|Publication number||US5418169 A|
|Application number||US 08/218,090|
|Publication date||May 23, 1995|
|Filing date||Mar 25, 1994|
|Priority date||Mar 25, 1994|
|Publication number||08218090, 218090, US 5418169 A, US 5418169A, US-A-5418169, US5418169 A, US5418169A|
|Inventors||Harry A. Crissman, Gregory T. Hirons|
|Original Assignee||The Regents Of The University Of California, Office Of Technology Transfer|
|Export Citation||BiBTeX, EndNote, RefMan|
|Non-Patent Citations (6), Referenced by (15), Classifications (12), Legal Events (9)|
|External Links: USPTO, USPTO Assignment, Espacenet|
This invention is related to the characterization of individual chromosomes and, more particularly, to the characterization of individual chromosomes for separation using flow cytometry. This invention was made with government support under Contract No. W-7405-ENG-36 awarded by the U.S. Department of Energy. The government has certain rights in the invention.
The entire set of human chromosomes, 22 autosomes plus the X and Y chromosomes, contains all of the nuclear DNA in human cells, i.e., the human genome. Separating the chromosomes contained in a cell sample provides a convenient way to make chromosome libraries, each of which is a subset of the genome. One convenient separating technique is flow cytometry, or flow sorting, of the chromosomes.
Chromosome sorting by flow cytometry requires that a chromosome or chromosomes to be separated have some identifiable characteristic that can be identified for use in the sorting process. Such chromosome sorting conventionally requires staining a chromosome or chromosomes with two different fluorescent dyes. A typical process is described in J. W. Gray et al., "High-Speed Chromosome Sorting," 23 Science 323-329 (Oct. 1987). A liquid suspension of the chromosomes is stained with two fluorescent dyes, e.g., Hoeschst 33258, which binds preferentially to AT-rich DNA, and chromomycin A3 (CA3), which binds preferentially to GC-rich DNA. The stained chromosomes pass through two laser beams, one beam to excite each dye to fluorescence. A combination of the fluorescent emission intensities from the two dyes allows many of the chromosomes to be uniquely characterized for separation from other chromosomes, as is fully shown by FIG. 1 herein.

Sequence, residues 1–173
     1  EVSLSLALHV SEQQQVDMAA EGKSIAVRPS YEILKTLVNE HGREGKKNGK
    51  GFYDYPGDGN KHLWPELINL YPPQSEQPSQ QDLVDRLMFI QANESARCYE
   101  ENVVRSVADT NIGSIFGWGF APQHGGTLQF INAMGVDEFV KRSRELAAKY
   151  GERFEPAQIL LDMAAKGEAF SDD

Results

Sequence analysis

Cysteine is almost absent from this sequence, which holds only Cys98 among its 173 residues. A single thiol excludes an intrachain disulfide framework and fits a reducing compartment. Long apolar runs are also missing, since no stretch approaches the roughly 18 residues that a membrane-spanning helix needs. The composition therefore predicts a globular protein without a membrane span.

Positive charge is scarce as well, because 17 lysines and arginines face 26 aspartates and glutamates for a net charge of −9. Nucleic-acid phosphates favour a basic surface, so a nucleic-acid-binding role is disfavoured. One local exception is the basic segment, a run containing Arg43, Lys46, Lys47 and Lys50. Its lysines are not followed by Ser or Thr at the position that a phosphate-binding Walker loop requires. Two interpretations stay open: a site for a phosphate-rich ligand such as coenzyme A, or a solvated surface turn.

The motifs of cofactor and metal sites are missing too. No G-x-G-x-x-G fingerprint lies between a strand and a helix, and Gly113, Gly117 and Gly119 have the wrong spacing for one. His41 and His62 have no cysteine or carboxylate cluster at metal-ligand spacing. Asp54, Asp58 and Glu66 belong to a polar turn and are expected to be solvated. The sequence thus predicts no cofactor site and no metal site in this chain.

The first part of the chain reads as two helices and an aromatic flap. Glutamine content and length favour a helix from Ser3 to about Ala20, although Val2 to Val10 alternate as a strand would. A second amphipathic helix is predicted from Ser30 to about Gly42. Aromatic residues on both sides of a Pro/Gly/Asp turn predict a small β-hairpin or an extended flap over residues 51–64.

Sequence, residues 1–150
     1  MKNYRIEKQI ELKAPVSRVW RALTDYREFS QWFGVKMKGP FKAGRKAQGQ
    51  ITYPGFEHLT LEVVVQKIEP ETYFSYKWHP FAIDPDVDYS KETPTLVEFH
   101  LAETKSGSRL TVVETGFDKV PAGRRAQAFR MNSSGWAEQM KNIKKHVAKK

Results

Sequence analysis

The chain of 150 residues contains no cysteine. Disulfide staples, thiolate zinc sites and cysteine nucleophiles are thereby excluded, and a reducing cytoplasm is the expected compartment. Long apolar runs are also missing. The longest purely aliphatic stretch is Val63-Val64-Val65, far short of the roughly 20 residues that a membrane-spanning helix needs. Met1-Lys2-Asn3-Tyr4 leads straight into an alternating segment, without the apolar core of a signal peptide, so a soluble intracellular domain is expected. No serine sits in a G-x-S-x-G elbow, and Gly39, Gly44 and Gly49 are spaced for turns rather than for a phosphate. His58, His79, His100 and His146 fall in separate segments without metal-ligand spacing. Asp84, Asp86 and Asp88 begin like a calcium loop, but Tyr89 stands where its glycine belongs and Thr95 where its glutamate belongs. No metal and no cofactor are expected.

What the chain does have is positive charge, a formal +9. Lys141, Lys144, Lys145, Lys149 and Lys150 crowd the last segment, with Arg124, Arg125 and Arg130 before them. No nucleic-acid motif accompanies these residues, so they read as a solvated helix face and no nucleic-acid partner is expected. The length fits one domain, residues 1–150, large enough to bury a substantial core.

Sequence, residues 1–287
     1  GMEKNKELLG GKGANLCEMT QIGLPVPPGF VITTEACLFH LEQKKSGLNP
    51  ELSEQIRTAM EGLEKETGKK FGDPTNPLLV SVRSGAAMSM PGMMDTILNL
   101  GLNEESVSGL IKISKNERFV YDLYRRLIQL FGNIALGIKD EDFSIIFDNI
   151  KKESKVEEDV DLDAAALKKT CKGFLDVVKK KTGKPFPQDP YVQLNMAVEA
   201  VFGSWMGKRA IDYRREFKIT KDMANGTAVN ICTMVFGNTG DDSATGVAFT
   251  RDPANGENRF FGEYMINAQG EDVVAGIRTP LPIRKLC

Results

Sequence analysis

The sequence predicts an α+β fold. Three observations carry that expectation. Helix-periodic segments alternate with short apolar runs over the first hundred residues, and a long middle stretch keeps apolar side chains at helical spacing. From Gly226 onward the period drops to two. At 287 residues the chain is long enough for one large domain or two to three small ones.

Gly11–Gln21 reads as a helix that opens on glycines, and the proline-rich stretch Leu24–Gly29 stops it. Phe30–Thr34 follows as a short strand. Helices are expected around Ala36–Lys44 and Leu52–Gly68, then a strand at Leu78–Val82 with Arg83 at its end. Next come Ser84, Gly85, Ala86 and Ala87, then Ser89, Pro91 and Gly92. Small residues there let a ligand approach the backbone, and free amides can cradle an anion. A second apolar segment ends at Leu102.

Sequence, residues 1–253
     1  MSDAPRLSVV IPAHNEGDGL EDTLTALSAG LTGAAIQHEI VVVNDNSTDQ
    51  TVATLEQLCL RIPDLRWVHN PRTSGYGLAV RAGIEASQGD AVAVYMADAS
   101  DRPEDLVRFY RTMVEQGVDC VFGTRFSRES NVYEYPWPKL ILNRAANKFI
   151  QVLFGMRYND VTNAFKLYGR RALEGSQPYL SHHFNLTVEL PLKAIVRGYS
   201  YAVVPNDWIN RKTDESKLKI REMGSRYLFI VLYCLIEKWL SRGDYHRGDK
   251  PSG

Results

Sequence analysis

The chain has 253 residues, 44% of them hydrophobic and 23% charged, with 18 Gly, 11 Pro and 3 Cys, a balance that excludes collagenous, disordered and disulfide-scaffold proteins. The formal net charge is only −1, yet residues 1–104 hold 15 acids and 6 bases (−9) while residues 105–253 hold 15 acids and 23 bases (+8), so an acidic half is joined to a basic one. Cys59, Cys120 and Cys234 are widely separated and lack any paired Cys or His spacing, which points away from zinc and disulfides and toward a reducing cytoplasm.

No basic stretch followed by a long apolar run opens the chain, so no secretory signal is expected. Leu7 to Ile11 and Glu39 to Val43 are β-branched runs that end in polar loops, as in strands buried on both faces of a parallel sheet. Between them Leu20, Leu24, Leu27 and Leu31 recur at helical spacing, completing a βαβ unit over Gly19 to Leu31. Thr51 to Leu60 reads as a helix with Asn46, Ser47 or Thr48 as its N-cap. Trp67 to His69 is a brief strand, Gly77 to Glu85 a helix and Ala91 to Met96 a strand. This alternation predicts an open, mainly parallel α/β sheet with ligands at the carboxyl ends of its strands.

FIG. 1 depicts a conventional bivariate profile for human GM130 chromosomes stained with Hoechst 33258 and CA3. The combination of fluorescent intensities allows the chromosomes to be karyotyped for separating the chromosomes by flow cytometry, as described by Gray. However, two staining processes must be used for the conventional technique. Further, conventional stains have relatively low quantum efficiencies so that correspondingly high power output lasers are required to obtain sensitive results.
Accordingly, it is an object of the present invention to provide for chromosome karyotyping using only a single fluorescent dye.
Another object of the present invention is to provide sensitive fluorescence signals with relatively low power lasers.
Additional objects, advantages and novel features of the invention will be set forth in part in the description which follows, and in part will become apparent to those skilled in the art upon examination of the following or may be learned by practice of the invention. The objects and advantages of the invention may be realized and attained by means of the instrumentalities and combinations particularly pointed out in the appended claims.
To achieve the foregoing and other objects, and in accordance with the purposes of the present invention, as embodied and broadly described herein, the method of this invention may comprise the application of a single fluorescent dye to separate selected chromosomes from a mixture. The mixture is stained with a single dye selected from the group consisting of TOTO and YOYO and the stained chromosomes are placed in a flow cytometer. The fluorescent dye is excited sequentially by a first light having a wavelength in the ultraviolet (uv) range to excite the TOTO or YOYO dye to fluoresce at a first intensity and by a second light having a wavelength effective to excite the TOTO or YOYO dye to fluoresce at a second intensity. Specific chromosomes are identified by intensity relationships between the first and second fluorescence emissions.
The accompanying drawings, which are incorporated in and form a part of the specification, illustrate the embodiments of the present invention and, together with the description, serve to explain the principles of the invention. In the drawings:
FIG. 1 conventionally depicts a bivariate profile for human GM130 chromosomes with fluorescence intensities from Hoechst and CA3 plotted against each other for a mixture of chromosomes to illustrate the separation of chromosomes that may be available for two-dye staining.